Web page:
Dave Bittner: [0:03:43] (Laughter).
Joe Carrigan: [0:03:43] ...Are that place them under arrest...
Dave Bittner: [0:03:45] Right.
Joe Carrigan: [0:03:45] ...And tell them that they're being arrested for an outstanding warrant (laughter).
Dave Bittner: [0:03:49] Yeah, wah-wah-wah (ph).
Joe Carrigan: [0:03:49] And that's the con.
Joe Carrigan: [0:03:50] Right, right, right. Now, there are videos of this on YouTube, and they're great to watch, I think.
Dave Bittner: [0:03:55] Yeah, and, well, they've been at this for a while, right? This has been something that the police continue to do, but this is something that they've been doing for a while 'cause it works.
Joe Carrigan: [0:04:01] It does. In 1985, the U.S. Marshals went after some people in Washington, D.C., that had outstanding warrants. And this was great. They told them, you've won two tickets to a Redskins game, plus transportation to the game. Plus, you get to go to a pregame party at this location. So when they showed up, there were agents dressed like Washington Redskins cheerleaders...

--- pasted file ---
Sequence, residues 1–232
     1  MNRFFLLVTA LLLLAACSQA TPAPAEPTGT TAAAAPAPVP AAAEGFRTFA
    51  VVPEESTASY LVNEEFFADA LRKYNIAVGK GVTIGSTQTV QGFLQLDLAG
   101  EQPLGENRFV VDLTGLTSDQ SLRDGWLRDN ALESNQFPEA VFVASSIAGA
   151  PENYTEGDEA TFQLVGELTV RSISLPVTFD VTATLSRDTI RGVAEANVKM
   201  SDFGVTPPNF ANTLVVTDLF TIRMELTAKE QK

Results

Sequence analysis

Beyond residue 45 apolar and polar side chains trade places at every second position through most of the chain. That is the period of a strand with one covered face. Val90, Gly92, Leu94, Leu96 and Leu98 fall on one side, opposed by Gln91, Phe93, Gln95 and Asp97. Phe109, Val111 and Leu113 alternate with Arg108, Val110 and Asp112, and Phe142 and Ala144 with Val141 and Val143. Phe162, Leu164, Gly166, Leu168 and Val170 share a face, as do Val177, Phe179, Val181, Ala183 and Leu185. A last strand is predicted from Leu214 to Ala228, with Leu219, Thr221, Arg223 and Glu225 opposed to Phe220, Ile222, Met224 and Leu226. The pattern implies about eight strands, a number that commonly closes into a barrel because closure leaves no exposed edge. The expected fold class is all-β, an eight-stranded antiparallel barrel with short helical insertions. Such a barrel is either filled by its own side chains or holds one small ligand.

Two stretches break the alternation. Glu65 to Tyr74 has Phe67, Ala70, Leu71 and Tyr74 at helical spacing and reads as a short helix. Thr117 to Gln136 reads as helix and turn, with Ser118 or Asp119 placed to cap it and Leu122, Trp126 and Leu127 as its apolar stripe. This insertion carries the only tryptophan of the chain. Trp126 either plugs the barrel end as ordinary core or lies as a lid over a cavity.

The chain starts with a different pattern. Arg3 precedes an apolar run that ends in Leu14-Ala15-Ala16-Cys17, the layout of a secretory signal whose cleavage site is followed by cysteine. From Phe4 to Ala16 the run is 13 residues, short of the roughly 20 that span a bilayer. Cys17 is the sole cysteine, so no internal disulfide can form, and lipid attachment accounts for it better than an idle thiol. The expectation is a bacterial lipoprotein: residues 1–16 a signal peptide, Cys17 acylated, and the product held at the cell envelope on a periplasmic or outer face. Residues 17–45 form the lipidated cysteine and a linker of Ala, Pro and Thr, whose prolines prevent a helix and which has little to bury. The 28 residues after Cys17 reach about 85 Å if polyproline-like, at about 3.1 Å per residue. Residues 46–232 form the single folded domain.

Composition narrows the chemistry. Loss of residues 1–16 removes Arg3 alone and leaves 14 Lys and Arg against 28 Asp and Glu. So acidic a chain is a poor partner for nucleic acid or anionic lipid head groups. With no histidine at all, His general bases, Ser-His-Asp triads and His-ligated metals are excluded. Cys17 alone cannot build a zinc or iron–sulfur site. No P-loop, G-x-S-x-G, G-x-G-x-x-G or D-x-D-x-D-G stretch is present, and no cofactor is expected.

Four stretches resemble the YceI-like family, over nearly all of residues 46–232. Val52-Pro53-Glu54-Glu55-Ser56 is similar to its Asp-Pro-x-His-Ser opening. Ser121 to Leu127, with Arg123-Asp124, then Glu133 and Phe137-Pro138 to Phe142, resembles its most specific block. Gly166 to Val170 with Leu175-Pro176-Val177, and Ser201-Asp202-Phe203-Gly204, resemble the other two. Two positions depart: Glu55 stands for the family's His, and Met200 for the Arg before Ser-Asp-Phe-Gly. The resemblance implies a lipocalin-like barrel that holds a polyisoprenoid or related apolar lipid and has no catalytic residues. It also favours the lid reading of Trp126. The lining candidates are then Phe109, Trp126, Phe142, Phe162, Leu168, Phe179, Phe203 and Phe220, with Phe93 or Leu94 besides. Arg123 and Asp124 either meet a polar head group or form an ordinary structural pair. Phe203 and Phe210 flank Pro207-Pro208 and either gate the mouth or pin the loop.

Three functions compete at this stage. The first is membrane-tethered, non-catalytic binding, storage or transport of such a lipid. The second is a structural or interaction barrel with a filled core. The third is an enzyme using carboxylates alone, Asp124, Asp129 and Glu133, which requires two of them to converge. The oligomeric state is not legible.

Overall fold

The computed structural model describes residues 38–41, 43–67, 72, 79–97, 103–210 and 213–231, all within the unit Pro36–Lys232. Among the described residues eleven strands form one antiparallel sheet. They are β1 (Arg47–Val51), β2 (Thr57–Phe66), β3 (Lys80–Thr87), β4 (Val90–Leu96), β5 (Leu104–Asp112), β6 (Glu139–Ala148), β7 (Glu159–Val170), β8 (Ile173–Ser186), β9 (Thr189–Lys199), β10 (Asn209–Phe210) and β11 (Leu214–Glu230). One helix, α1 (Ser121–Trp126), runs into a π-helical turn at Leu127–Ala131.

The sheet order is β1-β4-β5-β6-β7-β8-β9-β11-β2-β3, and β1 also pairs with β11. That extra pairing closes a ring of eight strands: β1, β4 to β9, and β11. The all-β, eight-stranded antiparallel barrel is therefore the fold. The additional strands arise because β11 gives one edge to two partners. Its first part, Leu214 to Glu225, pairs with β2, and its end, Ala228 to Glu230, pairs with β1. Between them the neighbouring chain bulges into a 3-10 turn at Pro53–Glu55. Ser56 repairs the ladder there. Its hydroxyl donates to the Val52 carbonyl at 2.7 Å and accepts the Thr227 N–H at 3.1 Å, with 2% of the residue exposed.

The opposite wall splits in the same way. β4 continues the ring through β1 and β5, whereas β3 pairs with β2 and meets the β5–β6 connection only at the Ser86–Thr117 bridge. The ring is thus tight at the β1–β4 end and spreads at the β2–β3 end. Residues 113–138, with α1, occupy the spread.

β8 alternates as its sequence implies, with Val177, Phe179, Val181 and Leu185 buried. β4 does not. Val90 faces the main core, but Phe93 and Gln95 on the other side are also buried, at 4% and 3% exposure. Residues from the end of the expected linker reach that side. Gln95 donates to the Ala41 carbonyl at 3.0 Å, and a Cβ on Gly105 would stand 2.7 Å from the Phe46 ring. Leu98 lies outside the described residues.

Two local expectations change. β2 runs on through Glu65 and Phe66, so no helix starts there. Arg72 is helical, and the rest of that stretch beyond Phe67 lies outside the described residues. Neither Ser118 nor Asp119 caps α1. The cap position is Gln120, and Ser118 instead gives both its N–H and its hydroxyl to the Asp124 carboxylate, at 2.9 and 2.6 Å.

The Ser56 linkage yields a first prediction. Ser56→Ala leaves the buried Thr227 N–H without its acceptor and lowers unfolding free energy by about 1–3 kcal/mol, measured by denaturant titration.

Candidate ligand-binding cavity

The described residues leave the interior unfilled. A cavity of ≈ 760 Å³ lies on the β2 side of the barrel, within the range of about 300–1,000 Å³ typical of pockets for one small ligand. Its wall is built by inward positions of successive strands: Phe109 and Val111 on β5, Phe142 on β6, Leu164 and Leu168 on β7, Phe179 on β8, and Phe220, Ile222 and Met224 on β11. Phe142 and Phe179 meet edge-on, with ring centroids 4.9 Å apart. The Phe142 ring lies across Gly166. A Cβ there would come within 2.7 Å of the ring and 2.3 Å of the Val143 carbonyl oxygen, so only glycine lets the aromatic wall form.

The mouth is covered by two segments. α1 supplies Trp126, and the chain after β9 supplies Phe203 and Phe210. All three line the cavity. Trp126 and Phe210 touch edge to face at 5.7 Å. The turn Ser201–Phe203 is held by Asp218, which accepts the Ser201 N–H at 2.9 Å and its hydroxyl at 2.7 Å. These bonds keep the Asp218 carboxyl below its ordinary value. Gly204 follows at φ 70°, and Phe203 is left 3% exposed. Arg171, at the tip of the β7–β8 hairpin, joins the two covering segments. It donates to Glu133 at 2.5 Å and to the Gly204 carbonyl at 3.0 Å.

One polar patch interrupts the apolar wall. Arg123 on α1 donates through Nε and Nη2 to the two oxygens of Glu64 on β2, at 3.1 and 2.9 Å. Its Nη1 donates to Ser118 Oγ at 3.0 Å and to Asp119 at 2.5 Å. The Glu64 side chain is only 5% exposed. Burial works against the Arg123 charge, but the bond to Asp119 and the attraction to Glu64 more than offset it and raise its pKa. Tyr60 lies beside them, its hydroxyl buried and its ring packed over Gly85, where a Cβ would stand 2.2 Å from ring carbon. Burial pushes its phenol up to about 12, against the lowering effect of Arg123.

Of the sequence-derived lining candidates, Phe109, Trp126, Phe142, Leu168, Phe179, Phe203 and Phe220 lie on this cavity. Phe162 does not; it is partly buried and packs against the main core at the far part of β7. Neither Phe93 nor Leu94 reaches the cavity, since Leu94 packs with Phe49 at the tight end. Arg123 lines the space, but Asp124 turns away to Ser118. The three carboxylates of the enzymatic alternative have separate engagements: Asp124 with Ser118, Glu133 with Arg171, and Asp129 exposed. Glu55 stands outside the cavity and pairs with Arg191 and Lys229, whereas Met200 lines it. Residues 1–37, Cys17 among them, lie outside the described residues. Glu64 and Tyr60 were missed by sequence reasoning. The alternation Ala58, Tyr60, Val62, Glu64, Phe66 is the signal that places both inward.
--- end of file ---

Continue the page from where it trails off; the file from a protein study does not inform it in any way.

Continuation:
Dave Bittner: [0:04:21] Oh.
Joe Carrigan: [0:04:21] ...Right? And they hugged the winners - in quotes, you know...
Dave Bittner: [0:04:23] Right.
Joe Carrigan: [0:04:23] ...These people - and that was essentially a frisk...
Dave Bittner: [0:04:26] (Laughter).
Joe Carrigan: [0:04:26] ...Right? - to make sure that they didn't even...
Dave Bittner: [0:04:29] Right. So the bad guy is thinking, oh, this is delightful. I'm getting hugged by a Redskins cheerleader. My dreams have come true...
Joe Carrigan: [0:04:35] Right, and meanwhile they're...
Dave Bittner: [0:04:35] ...Not knowing that they're actually being patted down to see if...
Dave Bittner: [0:04:39] All right. I love it.
Joe Carrigan: [0:04:40] Then they go to the next room. They get arrested. This whole thing works on greed, right? If you're somebody who has an outstanding warrant, chances are you know you have an outstanding warrant.